Baker County Library District

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Be a Hero for the Environment

Brought to us by the Museum of Natural and Cultural History, this family program will focus on how Native American cultures in Oregon have always had a strong relationship with the environment and that beliefs, traditions, and practices were passed down through the generations, including the importance of taking care of the environment.
  • Be a Hero for the Environment
  • 2015-06-29T18:30:00-07:00
  • 2015-06-29T19:30:00-07:00
  • Brought to us by the Museum of Natural and Cultural History, this family program will focus on how Native American cultures in Oregon have always had a strong relationship with the environment and that beliefs, traditions, and practices were passed down through the generations, including the importance of taking care of the environment.
  • When Jun 29, 2015 from 06:30 PM to 07:30 PM (US/Pacific / UTC-700)
  • Where Baker County Public Library
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“Be a Hero for the Environment” focuses on the sustainable practices that have been developed and used by Oregon’s Native American cultures for thousand of years. The program is an interactive, one-hour family experience that includes a short presentation, a series of activity tables, and plenty of touchable artifacts. Together, these elements will inspire youth and families to become environmental heroes in their own lives.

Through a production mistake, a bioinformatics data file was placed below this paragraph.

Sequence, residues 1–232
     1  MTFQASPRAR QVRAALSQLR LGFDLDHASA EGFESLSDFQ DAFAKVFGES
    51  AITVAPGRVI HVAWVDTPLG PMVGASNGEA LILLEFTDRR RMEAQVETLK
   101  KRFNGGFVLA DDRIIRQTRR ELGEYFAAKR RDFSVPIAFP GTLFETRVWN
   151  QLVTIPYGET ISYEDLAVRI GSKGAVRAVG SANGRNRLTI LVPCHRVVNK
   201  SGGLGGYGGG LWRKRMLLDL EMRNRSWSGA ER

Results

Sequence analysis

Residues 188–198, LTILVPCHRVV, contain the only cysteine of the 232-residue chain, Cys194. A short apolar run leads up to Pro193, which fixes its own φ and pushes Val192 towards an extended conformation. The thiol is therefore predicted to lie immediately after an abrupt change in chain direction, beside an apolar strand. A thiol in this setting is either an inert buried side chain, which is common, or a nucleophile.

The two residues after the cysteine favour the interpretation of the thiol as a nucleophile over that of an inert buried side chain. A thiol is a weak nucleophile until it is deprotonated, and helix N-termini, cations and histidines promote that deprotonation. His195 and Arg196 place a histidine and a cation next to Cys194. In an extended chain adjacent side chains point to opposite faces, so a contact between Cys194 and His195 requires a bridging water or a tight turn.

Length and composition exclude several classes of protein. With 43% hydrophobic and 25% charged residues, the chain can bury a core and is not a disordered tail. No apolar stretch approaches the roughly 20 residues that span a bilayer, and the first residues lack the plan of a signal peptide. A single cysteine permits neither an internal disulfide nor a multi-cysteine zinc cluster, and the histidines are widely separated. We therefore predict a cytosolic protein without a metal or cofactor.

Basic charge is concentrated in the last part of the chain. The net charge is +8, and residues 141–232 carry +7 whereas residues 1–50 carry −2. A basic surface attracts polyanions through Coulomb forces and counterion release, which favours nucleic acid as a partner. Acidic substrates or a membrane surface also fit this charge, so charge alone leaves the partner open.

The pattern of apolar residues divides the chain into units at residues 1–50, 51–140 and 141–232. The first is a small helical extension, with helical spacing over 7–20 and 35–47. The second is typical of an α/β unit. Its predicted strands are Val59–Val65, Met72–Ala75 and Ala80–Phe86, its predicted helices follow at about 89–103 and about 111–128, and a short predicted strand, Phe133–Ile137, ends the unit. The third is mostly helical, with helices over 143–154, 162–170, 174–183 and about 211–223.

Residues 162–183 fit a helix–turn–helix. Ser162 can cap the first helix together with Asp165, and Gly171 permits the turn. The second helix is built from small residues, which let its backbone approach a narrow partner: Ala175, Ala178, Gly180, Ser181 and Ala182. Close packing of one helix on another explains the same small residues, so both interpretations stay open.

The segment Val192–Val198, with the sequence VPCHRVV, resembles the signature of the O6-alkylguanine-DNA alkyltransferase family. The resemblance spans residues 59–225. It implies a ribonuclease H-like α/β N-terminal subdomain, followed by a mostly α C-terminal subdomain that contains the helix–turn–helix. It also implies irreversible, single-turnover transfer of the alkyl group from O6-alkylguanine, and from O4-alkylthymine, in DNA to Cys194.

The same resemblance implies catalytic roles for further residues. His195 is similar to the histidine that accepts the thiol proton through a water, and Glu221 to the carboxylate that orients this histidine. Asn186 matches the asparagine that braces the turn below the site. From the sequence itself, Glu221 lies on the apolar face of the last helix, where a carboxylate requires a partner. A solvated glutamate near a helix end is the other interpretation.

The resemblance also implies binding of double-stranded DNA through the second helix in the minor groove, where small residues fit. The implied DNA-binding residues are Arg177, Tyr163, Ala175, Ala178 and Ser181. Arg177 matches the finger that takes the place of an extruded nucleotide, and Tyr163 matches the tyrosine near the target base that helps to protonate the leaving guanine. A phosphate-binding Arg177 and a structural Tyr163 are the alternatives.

The program is presented by a professional museum educator from the Museum of Natural and Cultural History in collaboration with Libraries of Eastern Oregon. Heroism is the focus of Summer Reading Programs at libraries nationwide with the slogan “Every Hero Has a Story”.

During the presentation portion of the program, we will read a book titled Frog Girl, by Paul Owen Lewis, as well as show some mural depictions of what the different regions of Oregon looked like in the past.

 In addition to the touchable artifacts and a basket-weaving station, the activity tables will include an area that challenges participants to create a boat made from a limited size piece of aluminum foil (4” x6”), seeing how many pennies they can float at a time.

Learn more about MNCH on their website at http://natural-history.uoregon.edu/ .